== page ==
Monolith Arena review

18 April 2019
monolith-arena-main-59557.jpg Monolith Arena
Neuroshima Hex creator's skirmish game is tabletop elegance

There are moments in a reviewer’s life where you want to punch something. You learn a new game, and halfway through the rules explanation someone says, “So it’s like Neuroshima Hex, then?”

Yes. Monolith Arena, by the designer of Neuroshima Hex, is very like Neuroshima Hex. You could say it’s a fantasy reskin of Neuroshima Hex, but the box doesn’t say that, and I’ve never played Neuroshima Hex so I can’t judge for sure. But arena combat between colour-based forces made of hex tiles looks very similar.

Each side is a pile of hex counters that includes champions, runes that power up champions and order tiles that let champions do things they can’t normally do like move, rotate, push an opposing unit away or declare battle. When battle is declared every champion on all sides resolves its attacks in initiative order, and suddenly the arena is a lot emptier than it was before, because most champions can only take one point of damage.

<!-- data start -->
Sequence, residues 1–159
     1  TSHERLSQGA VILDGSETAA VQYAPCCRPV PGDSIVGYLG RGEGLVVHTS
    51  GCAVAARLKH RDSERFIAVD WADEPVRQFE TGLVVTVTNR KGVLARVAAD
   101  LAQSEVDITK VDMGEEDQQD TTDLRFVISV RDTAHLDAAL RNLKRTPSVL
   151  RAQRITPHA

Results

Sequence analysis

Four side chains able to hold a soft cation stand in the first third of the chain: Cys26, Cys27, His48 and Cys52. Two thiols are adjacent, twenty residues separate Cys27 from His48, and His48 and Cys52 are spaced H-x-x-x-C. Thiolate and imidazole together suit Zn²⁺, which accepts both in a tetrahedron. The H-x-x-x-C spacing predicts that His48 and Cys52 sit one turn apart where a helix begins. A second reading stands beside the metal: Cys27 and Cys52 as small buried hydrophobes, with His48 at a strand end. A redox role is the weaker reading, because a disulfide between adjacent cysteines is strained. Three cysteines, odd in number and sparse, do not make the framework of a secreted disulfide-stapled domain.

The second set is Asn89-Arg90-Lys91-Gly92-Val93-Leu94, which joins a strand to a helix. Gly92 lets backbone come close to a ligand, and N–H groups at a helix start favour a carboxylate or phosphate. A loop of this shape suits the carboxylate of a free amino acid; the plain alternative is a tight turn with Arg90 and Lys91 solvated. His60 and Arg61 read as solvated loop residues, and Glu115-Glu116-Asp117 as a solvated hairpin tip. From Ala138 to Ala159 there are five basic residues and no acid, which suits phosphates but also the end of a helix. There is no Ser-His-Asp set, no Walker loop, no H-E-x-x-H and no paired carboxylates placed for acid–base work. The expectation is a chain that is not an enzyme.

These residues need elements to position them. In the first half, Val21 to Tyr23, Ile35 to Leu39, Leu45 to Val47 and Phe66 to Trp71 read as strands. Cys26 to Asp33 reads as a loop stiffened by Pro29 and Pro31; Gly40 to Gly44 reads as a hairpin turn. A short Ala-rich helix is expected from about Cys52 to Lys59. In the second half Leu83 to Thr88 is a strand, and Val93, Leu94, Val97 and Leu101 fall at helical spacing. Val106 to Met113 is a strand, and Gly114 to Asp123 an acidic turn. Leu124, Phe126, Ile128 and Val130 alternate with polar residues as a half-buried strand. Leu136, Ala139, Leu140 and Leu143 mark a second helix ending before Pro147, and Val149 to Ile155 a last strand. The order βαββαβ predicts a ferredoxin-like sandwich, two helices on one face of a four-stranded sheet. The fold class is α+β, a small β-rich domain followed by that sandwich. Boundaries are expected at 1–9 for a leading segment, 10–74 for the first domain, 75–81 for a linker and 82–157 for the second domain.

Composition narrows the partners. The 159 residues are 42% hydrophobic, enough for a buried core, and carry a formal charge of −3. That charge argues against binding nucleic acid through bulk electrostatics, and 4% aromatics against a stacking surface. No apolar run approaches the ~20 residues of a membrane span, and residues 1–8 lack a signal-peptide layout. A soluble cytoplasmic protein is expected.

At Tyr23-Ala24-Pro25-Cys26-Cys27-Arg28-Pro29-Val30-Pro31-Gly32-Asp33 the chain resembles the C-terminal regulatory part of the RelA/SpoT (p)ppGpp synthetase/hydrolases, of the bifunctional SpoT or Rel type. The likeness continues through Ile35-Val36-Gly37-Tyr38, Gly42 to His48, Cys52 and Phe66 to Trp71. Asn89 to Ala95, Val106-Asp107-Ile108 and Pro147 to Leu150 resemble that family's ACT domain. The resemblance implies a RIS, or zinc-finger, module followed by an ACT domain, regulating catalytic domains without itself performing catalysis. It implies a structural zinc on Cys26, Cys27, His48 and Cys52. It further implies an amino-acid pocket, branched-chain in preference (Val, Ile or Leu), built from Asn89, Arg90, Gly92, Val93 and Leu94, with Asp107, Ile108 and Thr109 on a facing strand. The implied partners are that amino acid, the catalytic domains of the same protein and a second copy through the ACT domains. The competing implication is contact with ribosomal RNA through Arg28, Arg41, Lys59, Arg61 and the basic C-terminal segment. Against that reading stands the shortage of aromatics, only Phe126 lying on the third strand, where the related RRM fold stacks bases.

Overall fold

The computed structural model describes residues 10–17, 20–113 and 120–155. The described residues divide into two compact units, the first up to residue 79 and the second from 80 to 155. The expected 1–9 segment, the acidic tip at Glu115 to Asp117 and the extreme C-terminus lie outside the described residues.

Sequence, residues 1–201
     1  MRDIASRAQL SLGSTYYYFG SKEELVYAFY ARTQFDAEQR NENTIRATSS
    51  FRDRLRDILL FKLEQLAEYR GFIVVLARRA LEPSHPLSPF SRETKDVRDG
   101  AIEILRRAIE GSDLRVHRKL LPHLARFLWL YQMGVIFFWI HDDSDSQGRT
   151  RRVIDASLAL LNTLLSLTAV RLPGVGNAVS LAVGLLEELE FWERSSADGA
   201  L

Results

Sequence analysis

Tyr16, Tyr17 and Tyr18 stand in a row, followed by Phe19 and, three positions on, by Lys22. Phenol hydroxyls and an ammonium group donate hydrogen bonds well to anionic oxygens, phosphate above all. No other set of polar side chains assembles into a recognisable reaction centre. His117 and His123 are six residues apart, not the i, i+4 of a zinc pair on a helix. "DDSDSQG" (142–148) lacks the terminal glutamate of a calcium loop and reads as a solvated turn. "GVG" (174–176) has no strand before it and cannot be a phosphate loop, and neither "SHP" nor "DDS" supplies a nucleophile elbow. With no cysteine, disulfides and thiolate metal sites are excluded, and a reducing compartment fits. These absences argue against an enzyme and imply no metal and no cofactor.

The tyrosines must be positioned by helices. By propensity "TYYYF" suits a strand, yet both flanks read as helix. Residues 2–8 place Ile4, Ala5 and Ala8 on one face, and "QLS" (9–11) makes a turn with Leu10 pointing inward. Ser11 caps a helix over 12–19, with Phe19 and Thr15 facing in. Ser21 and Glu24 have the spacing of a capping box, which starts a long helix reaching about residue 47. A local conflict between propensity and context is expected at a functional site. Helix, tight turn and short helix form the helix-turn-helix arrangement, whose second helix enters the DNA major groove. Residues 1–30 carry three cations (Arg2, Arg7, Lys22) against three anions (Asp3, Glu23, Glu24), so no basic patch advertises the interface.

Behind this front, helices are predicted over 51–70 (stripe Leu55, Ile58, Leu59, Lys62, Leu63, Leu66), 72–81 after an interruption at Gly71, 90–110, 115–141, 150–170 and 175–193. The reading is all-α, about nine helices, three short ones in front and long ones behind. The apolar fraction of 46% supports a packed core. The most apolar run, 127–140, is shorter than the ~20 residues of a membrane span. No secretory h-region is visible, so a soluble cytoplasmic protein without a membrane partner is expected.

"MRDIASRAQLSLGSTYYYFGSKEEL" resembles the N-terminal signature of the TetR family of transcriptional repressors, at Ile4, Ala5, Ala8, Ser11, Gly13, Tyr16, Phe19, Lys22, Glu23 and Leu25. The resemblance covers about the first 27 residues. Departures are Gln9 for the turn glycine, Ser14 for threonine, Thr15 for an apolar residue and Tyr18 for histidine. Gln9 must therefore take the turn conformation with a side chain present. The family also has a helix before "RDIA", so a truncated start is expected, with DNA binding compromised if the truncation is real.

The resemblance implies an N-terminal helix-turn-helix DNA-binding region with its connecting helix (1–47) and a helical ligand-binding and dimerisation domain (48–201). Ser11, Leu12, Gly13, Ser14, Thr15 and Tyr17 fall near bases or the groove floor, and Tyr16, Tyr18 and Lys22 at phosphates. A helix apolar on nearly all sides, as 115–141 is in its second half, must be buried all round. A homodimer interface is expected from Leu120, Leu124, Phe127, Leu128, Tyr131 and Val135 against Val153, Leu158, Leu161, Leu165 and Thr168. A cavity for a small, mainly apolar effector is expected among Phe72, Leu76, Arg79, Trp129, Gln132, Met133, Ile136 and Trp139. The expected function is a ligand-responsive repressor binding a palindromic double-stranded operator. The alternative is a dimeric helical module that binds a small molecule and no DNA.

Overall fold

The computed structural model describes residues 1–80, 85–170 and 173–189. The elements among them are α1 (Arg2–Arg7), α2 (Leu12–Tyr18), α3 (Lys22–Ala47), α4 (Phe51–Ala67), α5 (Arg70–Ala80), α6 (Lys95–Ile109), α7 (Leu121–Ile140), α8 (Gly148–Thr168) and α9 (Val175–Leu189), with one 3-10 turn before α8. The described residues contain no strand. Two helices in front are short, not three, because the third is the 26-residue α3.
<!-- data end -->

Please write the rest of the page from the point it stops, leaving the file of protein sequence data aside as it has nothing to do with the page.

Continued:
Ultimately you need to defend your banner, which sits atop your monolith: a stack of counters that can unfurl into three pieces across the battlefield, which is not exciting enough to have the game named after it and fundamentally misunderstands what the ‘mono’ part of the word means.

Play is fast and tactical: you place tiles, jockeying for position and highest initiative, and then battle is joined – this happens several times each game – and special attacks trigger, and it doesn’t go the way you expected. The four forces are pleasantly different, and the art is impressionistic not hyper-real fantasy.

Monolith Arena claims it’s a skirmish game but in play it’s so elegant it’s almost abstract. The armies’ themes get a bit lost, but in the tense experience you’ll hardly notice. 




Buy your copy here.

Designer: Michal Oracz

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Artist: Jakub Fajtanowski, Ewa Kostorz, Aleksandar Mihajlovic, Rafał Szyma

Time: 30 minutes

Players: 2-4

Age: 10+

Price: £36


This review originally appeared in the January 2019 issue of Tabletop Gaming. Pick up the latest issue of the UK's fastest-growing gaming magazine in print or digital here or subscribe to make sure you never miss another issue

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